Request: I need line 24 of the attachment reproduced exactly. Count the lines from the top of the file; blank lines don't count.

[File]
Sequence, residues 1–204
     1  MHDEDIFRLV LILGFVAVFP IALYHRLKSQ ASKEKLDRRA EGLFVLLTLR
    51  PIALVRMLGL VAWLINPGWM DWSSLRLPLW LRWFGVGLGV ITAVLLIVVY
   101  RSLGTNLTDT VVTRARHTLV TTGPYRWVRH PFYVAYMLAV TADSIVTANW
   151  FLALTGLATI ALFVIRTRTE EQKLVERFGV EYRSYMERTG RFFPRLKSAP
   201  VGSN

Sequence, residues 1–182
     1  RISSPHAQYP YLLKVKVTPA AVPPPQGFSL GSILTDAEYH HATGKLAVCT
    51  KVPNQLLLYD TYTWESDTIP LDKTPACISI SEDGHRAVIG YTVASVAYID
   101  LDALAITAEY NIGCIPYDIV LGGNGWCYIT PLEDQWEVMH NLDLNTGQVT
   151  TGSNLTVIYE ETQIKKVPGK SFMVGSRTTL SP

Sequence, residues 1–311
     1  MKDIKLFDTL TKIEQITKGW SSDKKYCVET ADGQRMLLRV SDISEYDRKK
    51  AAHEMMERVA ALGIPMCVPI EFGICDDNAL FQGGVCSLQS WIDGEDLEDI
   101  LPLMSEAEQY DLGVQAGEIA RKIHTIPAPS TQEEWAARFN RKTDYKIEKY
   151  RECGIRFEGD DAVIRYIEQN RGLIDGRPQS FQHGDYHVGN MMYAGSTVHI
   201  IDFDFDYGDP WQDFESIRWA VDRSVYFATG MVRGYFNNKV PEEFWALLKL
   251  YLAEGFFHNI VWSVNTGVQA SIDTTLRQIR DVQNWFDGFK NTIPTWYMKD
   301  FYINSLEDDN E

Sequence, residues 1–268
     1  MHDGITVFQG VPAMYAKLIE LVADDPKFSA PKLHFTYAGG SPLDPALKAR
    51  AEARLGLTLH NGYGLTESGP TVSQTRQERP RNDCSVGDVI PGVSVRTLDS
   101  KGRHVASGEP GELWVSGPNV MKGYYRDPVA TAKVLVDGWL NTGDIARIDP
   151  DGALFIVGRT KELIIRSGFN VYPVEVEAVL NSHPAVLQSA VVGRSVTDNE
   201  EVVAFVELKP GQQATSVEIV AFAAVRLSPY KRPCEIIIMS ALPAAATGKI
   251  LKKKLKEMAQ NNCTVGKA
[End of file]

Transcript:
   151  DGALFIVGRT KELIIRSGFN VYPVEVEAVL NSHPAVLQSA VVGRSVTDNE